VARKALA, India — My mind is blank. It is void of thought. It is empty of emotion, meaning, objects. Lust has left India. This time, it’s not because of sweltering humidity that has crushed my libido like a cobra confusing my penis for a hamster. I am flat on my back in a dark, upstairs yoga studio. I face a wall hanging of a woman sitting in the lotus position with five big circles lined vertically on her body. I am focusing on the one on her groin, not for what you might think. The fan cools the studio but my first meditation lesson of my life has cooled any thoughts of intimacy or lust.
The circle on the groin is a focus point. I have emptied my mind as if I shoveled my walk of snow in order to see the pathway. One sentence runs through my brain.
“I want to experience the silence in me.”
And I breathe. Inhale.
“I want to experience the silence in me.”
“I want to experience the silence in me.”
Ullas Kumar, my yoga instructor, was introducing me to the wide world of meditation. This wasn’t just an adventure for a blog. I didn’t say, “When in India …” and signed up.
I need it. People have meditated say I need it. Then again, they say everyone needs it. After three two-hour sessions, I’ve come to a conclusion.
They may be right.
Everyone says I have the ideal life. I won’t argue. I’m retired in Rome. That alone emits images of romance and beauty, great food and wine, lazy mornings in sun-splashed piazzas. I travel the world and can’t even call it vacationing. How do you take a vacation from a retirement in Rome? Call it greed, a great life punctuated by fantastic times in exotic locales.
Yet through all the bottles of wine, sunsets from my top-floor terrace and travels from Yucatan to Sri Lanka, I admit I’m missing something. I’m not embarrassed by it. So are millions of people. It’s more difficult to acquire than a multi-million-dollar home or the perfect marriage. And it’s much more rewarding.
Sounds like a cliche, doesn’t it? “Oh, I’m going to India to find my inner peace. I want to find myself.” Yeah, right, pal.
Once in Nepal I met a guy from California who was trekking to the Annapurna Sanctuary to find “the meaning of life.” I saw him later sitting cross-legged in the middle of a circle of mountains between 20,000-28,000 feet high. I asked him, “What’s the meaning of life?”
He got up from his position, walked by me and said, “Life has no meaning.” He traveled 7,500 miles to learn that?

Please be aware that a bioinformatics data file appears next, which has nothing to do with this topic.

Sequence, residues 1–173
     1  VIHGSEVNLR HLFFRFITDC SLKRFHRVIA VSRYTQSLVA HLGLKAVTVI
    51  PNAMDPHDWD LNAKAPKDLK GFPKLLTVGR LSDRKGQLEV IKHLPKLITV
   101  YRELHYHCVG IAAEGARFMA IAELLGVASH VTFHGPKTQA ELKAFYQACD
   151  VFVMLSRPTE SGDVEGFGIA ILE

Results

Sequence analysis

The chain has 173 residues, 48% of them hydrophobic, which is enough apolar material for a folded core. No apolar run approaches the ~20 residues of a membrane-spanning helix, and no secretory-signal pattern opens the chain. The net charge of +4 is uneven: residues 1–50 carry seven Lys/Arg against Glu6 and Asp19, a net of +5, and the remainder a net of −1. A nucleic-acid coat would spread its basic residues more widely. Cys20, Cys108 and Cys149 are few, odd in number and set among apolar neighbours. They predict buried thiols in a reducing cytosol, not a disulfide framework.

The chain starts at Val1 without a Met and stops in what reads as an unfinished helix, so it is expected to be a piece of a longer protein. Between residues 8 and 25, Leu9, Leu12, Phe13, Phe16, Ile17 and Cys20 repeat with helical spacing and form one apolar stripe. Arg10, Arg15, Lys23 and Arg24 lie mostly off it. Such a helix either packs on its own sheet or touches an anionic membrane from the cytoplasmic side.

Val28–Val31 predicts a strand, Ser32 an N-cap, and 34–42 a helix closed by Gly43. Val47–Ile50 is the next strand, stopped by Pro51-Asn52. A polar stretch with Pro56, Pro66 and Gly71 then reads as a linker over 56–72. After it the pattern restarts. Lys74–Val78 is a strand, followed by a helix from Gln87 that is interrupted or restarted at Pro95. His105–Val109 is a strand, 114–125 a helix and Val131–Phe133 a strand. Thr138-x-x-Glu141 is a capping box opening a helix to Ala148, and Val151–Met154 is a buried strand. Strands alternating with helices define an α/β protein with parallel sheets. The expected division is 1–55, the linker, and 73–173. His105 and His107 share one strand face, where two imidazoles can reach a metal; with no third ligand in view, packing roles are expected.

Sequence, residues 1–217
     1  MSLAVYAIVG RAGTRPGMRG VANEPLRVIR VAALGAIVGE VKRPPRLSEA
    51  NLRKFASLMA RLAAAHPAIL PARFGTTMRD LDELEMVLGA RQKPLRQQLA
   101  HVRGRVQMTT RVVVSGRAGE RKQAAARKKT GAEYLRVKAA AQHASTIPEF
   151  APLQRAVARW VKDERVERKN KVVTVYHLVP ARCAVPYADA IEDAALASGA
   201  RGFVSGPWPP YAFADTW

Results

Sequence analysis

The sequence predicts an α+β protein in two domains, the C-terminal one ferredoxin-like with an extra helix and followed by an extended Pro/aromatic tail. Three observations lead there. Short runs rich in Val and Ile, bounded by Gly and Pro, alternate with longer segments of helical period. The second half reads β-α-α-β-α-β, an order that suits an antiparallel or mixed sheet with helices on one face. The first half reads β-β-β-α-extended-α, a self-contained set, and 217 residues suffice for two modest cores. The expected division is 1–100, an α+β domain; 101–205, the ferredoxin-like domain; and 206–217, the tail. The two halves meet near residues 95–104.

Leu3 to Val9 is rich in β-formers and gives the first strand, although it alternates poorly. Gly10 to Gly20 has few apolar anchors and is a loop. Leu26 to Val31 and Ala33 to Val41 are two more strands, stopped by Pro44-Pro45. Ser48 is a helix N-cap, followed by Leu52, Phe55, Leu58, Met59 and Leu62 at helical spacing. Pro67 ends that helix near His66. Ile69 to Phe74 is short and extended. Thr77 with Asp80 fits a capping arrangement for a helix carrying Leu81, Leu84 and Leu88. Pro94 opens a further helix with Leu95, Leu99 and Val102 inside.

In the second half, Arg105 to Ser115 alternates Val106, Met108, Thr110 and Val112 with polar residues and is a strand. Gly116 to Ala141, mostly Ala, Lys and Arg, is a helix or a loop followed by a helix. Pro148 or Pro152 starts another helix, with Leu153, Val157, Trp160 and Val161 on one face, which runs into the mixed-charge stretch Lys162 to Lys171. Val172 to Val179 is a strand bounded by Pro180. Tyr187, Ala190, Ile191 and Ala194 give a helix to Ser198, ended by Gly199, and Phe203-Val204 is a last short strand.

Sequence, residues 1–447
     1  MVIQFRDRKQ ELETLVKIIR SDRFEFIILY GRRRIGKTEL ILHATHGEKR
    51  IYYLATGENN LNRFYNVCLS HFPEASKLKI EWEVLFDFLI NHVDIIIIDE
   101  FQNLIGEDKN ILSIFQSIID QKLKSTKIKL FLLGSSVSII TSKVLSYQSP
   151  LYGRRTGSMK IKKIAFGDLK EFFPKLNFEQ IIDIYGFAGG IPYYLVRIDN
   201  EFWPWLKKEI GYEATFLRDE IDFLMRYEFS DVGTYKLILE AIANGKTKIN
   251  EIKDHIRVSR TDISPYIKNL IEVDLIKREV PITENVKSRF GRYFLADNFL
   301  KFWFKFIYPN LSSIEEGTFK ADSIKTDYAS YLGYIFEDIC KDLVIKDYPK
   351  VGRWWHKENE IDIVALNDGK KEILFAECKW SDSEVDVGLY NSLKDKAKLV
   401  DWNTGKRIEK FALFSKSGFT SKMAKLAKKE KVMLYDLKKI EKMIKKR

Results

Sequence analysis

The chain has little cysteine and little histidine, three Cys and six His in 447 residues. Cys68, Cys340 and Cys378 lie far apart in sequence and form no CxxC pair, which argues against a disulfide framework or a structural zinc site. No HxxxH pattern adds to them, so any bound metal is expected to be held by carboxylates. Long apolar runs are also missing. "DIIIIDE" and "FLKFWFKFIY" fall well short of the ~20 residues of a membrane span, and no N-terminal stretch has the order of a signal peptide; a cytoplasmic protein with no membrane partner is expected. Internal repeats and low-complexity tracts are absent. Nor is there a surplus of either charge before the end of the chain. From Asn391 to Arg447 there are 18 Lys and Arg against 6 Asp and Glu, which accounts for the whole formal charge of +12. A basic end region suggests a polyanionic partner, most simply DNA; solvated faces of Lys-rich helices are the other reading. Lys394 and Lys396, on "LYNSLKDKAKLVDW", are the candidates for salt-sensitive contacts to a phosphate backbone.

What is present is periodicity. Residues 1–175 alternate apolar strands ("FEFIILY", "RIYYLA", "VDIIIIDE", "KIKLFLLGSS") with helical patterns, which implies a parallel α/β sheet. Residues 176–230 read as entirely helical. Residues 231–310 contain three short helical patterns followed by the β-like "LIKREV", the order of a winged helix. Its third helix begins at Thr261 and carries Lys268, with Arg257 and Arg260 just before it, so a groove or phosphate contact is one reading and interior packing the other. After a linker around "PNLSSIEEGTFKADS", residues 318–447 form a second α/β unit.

What is the meaning of inner peace? My definition is a perpetual calm state regardless of outside conflicts. Inner peace is not found through religion. Religious people will pray to their God, get dressed, then blow up a school bus or vote Republican.
What has attracted me to meditation after six hours of lessons is it is not based on religion. It is based on spirituality. India is 85 percent Hindu. Ullas is not a Hindu. Like me, he does not practice religion. But few people I have ever met are more at peace as this tiny, wiry Indian man.
“Religion puts you in jail,” Ullas told me. “Spirituality sets you free.”
I don’t have inner demons. I have outside demons. My landlady is my only source of stress in Rome. I would like to see a couple of former sports editors bleeding under a Buick. Some arrogant travelers I’ve met I wished nothing but typhoid and ringworm.
Everyone has character flaws. Lord knows I do. One of my biggest is I carry grudges. I have the ability to only look at the good side of cultures (I once spent a week in Haiti and loved it) yet only the bad side of some people (Within the species of landlords, mine is likely one of the better ones). I’d like to find inner peace and not have every bad mood bring on an invasion of negativity.
I spent my first few days in India thinking of ways to kill my ex-boss. When I settled on covering him in rat urine and throwing him in a cobra pit, I figured I needed some help. So when I met Ullas about the meditation course, I asked him jokingly, “Will meditation help stop me from thinking of ways to kill my ex-boss?”
He said it would and wasn’t surprised by the question. Maybe he’s met him.